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International Business : Right-Hand Thinking : U.S. Auto Firms Make 1st Serious Push in Japan

October 26, 1995|DAVID HOLLEY | TIMES STAFF WRITER

TOKYO — Thick artificial mist swirled across the stage, then a bright red Jeep Wrangler emerged from the fog to take the center spot in a lineup of five right-hand-drive Chrysler vehicles built with Japan in mind.

The effort Chrysler Corp. put into this bit of press conference showmanship reflects a new level of enthusiasm for the Japanese market by Detroit's Big Three auto makers. Four months after the United States and Japan reached agreement on steps to improve foreign access to the Japanese auto market, Chrysler, General Motors Corp. and Ford Motor Co. are rapidly expanding their presence here.

Hoopla is hitting a fever pitch this week, with top auto executives from the United States and around the world gathered for Wednesday's start of the 31st Tokyo Motor Show, a huge 15-day event held every two years in a suburb of the capital.

Through many acrimonious years of U.S.-Japan disputes over auto trade, the American side charged that Japan's market was closed, and the Japanese side charged that the Americans, by marketing big cars with the steering wheel on the wrong side, weren't really trying.

Now both those claims, though perhaps not quite dead, are at least rapidly fading. The Americans are coming.

The June auto agreement "is another step absolutely in the right direction," Chrysler Corp. Chairman Robert Eaton told reporters Tuesday. "We believe the barriers will progressively come down and this will ultimately be a very open market and a market that foreign companies can be very, very competitive in. Chrysler in particular can be competitive."

Evidence of the new American push can be seen in what Detroit is bringing to the motor show. Like Chrysler, whose new models include a made-for-Japan Neon due to go on sale here early next year, Ford will be introducing right-hand-drive cars made in the United States: a new Taurus sedan and wagon and an Explorer sport-utility vehicle.

GM already sells an extensive lineup here of about 20 right-hand-drive models made by Opel, its European subsidiary. It will have new Opel and Saab models at the show. (GM owns 50% of Swedish auto maker Saab.) More important, Toyota will be showing a right-hand-drive Cavalier made by GM in the United States. In January, 1,100 Toyota outlets will start selling the Cavalier in Japan under the Toyota brand name, while advertising it as an American-made car.

Indeed, U.S. auto executives sounded so happy Tuesday about their prospects in Japan that they seemed to spend more time sniping at their American rivals than at Japanese manufacturers.

"If you look at Chrysler's press conference--with a Jeep rising out of the smoke--smoke is probably a fitting metaphor for their approach to the market," sniffed Ford spokesman Thomas Mattia. "You still need dealerships to sell."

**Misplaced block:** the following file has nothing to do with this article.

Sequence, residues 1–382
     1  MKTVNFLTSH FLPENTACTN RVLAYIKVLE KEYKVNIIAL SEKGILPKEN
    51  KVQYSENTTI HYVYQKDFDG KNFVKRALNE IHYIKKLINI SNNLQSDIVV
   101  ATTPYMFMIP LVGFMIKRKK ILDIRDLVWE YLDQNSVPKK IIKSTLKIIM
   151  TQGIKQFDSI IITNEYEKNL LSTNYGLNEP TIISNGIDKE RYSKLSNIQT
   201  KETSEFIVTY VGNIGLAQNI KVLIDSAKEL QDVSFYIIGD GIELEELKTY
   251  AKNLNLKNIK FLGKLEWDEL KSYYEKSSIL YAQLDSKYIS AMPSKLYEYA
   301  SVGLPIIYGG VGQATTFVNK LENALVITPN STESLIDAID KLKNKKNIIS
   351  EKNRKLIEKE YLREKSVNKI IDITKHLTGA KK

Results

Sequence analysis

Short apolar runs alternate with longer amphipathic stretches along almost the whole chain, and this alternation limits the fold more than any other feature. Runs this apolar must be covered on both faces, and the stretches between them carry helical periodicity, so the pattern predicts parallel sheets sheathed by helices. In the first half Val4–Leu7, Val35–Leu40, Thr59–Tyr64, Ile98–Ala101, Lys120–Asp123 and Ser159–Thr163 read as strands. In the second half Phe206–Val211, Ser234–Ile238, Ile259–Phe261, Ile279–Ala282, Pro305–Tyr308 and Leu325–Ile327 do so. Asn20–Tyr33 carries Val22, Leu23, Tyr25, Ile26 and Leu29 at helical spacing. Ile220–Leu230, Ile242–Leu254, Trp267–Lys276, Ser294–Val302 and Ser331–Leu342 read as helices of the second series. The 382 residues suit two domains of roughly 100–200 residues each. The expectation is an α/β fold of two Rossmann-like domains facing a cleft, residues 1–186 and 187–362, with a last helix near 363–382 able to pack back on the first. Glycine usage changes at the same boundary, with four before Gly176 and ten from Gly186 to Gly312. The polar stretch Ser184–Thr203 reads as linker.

On dealerships, Mattia said, Ford is ahead, with more than 300 sales outlets, including 53 added in the past 18 months.

It is true that Chrysler is playing catch-up to Ford in that area. But that doesn't mean Chrysler is a slouch. It spent $100 million in late June to acquire a network that includes 10 directly owned outlets and an additional 108 contracted showrooms.

Chrysler's expansion plan, Eaton said, is to have about 50 "main" dealers across Japan--one per prefecture--by early 1997, with most of those dealers not only owning multiple showrooms, but also subcontracting Chrysler sales to other dealers in their area. The number of outlets should hit 500 by 2000, he said.

General Motors, meanwhile, hasn't been running its own dealer network at all, instead marketing its vehicles through the Japanese-owned Yanase chain.

GM President Jack Smith, also in Tokyo this week, said his company will continue its strong relationship with Yanase but will also start to directly recruit dealers that until now have been affiliated only with Japanese manufacturers.

Smith also declared that GM is ahead of its Big Three rivals, with sales in Japan of 42,464 vehicles in the first nine months of this year.

"It ranks us second among importers, close behind BMW," he said. "It is significantly more than Ford and Chrysler combined."

Despite some clear differences in manufacturing and marketing strategies, the Big Three actually are in roughly comparable positions in Japan and have similar plans for growth. It isn't easy to say who is ahead, but all three are trying as never before.

Chrysler, which sold about 13,600 cars in Japan last year, expects to sell about 16,000 this year and 24,000 next year, said Thomas C. Gale, vice president for international operations. The company plans to sell 100,000 vehicles annually in Japan by 2000, Eaton said.

Ford sold 14,321 imported cars in Japan last year, plus 31,875 Ford-brand vehicles made in Japan by Mazda, in which Ford holds a 24.5% stake, spokesman Hiroo Tanabe said. It projects total sales this year of 56,000, including 22,000 imports, and 1996 sales of about 70,000, with half of those imports.

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